Summary: Don't buy a utility bike too expensive to feel you can't use it for any trip or lock it up anywhere. But don't spend so little that your bike is unreliable, unenjoyable to ride and requires frequent maintenance or upgrading. Also, past a certain point (under $1000), a more costly bike won't significantly add to your speed or efficiency.
cc licensed ( BY ) flickr photo shared by Jeff Blum
> Key decisions that will help narrow down the most suitable bike to buy
> How to save money and get a better quality bike for your buck
> Essential gear for cycling and what type to get
1. Don't buy a bike so expensive it prevents you using it for some trips
- It's important to not over or under spend on your utility bike - the bike you use most for transport. Overspending is the less predictable danger as you won't realise you've done it till you find yourself not using your bike because you're worried it will get stolen or damaged (due to weather or route conditions). As a rule of thumb, you should aim for your bike not to be in the top 20% of bikes according to value.
- Also don't get bike components or accessories that significantly increase your concern about theft or damage. E.g. Expensive dynamo hubs that power lights are really useful but their value can mean you are reluctant to use your bike for certain trips due to the risk of theft. Unnecessarily expensive accessories (e.g. a Brooks saddle) should definitely be avoided. See: > How to prevent your bike being stolen
2. Buy a suitable U lock and ensure you can easily carry it on the bike
- Always locking up your bike properly with a quality U lock will enable you to invest more in a higher quality utility bike and not have to worry so much about theft and thus not using your bike for certain trips. Many cyclists have U locks but don't always carry them as they have nowhere to attach it to their bike; make sure you buy a type that you can attach. See: > What type of bike lock should I buy?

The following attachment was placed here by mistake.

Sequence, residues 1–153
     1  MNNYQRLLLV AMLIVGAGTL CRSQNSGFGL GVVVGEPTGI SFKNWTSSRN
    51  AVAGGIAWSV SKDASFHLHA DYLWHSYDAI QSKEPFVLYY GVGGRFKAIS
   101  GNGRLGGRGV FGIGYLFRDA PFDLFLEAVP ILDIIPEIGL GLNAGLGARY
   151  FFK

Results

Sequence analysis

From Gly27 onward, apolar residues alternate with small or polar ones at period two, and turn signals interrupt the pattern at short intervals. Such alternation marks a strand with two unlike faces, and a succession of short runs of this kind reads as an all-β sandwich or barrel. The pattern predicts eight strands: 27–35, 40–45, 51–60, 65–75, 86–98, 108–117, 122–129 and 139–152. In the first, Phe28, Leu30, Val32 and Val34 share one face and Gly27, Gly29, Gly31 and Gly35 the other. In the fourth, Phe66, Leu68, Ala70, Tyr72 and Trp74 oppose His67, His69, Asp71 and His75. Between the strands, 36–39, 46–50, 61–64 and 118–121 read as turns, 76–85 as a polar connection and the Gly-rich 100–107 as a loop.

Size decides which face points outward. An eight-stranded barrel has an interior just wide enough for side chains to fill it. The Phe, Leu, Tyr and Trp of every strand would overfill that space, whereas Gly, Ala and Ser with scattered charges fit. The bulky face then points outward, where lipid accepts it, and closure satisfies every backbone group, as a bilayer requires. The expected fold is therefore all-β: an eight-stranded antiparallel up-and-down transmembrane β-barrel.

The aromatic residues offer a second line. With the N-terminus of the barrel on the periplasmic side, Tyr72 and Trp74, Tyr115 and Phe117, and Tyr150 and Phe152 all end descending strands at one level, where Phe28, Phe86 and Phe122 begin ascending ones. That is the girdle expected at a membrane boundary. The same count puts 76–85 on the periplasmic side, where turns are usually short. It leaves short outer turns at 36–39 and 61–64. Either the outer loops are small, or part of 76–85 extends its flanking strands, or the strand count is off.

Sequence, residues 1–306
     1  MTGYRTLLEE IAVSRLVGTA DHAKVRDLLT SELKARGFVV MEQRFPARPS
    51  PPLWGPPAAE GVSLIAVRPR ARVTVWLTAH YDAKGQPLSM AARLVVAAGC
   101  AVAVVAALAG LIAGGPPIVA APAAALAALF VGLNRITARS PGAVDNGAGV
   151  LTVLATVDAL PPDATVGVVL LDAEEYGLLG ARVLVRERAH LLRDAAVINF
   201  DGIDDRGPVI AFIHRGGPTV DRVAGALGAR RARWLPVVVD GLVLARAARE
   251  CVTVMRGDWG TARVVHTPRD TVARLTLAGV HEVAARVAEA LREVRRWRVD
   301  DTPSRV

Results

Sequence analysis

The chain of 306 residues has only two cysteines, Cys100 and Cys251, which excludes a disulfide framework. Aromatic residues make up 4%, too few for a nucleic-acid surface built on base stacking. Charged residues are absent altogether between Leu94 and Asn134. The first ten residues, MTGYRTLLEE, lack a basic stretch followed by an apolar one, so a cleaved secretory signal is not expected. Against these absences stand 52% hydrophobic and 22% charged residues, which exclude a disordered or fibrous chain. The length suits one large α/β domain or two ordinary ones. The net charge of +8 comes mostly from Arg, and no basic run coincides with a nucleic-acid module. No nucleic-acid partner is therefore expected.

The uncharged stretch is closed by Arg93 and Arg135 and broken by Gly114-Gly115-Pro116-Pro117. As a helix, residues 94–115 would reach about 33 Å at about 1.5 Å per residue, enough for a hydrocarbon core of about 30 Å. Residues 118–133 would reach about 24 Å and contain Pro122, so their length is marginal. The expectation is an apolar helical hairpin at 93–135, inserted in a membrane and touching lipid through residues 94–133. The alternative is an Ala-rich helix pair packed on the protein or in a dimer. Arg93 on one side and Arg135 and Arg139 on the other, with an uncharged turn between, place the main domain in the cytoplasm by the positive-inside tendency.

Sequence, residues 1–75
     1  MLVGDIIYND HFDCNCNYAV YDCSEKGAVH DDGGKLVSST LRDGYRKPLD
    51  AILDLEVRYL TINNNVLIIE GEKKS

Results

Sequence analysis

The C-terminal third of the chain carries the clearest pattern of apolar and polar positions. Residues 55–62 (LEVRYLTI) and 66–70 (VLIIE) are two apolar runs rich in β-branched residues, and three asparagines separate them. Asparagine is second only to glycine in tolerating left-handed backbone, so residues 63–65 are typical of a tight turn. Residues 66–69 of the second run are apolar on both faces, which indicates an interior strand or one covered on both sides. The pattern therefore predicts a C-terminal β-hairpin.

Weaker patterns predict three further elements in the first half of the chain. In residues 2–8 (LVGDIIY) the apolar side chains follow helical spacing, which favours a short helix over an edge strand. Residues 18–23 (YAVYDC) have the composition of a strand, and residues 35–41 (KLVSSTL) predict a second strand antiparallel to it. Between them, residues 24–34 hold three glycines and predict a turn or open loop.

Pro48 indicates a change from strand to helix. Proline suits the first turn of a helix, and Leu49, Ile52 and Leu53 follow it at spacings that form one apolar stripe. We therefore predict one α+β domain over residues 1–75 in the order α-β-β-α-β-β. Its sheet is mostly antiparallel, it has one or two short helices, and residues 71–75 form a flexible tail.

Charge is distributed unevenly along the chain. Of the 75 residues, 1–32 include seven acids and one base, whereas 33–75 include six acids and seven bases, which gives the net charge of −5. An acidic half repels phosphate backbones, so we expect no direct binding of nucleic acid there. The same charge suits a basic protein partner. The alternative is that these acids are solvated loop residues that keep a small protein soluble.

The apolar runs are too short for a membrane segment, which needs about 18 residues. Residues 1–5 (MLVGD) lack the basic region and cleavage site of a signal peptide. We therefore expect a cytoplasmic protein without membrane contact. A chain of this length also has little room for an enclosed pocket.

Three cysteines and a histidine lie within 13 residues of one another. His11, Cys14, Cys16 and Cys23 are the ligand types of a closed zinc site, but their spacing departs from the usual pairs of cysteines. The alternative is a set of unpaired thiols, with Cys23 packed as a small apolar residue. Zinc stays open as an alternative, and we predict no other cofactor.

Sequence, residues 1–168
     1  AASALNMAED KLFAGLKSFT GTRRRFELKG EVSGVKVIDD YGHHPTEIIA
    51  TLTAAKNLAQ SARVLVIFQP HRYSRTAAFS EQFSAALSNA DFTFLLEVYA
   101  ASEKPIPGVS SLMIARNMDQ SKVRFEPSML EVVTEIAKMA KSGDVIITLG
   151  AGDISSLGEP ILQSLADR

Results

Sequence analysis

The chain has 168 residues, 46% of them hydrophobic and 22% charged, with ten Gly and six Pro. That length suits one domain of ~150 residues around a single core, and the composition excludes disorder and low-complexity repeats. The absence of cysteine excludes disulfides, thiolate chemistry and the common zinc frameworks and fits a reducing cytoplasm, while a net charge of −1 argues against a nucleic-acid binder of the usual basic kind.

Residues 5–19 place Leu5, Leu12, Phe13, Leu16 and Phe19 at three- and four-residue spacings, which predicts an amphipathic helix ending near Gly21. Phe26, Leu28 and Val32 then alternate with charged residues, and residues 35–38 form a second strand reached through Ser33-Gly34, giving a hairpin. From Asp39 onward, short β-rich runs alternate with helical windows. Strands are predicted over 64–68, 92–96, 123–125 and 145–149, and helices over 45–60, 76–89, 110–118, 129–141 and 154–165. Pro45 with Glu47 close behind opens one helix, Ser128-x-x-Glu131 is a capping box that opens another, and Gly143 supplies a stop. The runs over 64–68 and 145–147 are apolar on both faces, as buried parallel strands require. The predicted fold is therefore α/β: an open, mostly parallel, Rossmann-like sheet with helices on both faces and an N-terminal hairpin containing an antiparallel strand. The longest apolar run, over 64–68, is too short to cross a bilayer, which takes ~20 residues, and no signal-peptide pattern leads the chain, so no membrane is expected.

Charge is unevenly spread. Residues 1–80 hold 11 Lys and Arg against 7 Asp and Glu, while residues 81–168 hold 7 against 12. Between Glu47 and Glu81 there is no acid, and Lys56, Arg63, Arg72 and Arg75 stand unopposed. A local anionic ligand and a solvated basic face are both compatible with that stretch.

3. Get a "pub bike" if the risks of theft or damage for some trips are a real barrier
- If you are able to afford and store more than one bike, then you can also buy a cheap "pub bike" in addition to your normal utility bike. A pub bike is the cheap, low-quality bike you use at night to ride out for drinks and may leave locked up in high-risk areas for extended periods. Having a pub bike as an option for high-risk trips may allow you to invest more in your main utility bike.
4. Make sure your primary utility bike is suitable for all desired trips, flexible, low maintenance and enjoyable to ride
- Typically you only need one utility bike so it's worthwhile spending enough so that you can enjoy using it for many purposes very frequently without problems. E.g. A second-hand, rusty mountain bike with gears that don't work well and that can't carry anything will likely sit unused most of the time. If your bike isn't practical, convenient, efficient and enjoyable, you won't use it often.
- Instead you should focus on the most common transport trips you intend to make by bike and ensure you invest enough in a bicycle and equipment that meets all of these needs. If distance and speed are priorities you may want to pay more for a lighter and faster bike. If hills are involved you should check your bike's climbing efficiency is suitable. If carrying things (shopping, work, recreation) is required then you need to invest in a bike flexible enough to enable carrying things but without major weight penalties (e.g. readily-detachable storage options). See: > Key decisions that will help narrow down the most suitable bike to buy
5. More expensive bikes aren't always faster or more efficient
- Buying an expensive carbon bike may save a few kilograms but is often unlikely to contribute significantly to saving time on your trips - there are more significant constraints when riding in cities. Past a certain point, there is little direct translation of extra expense into speed or efficiency. See: > It's not about the bike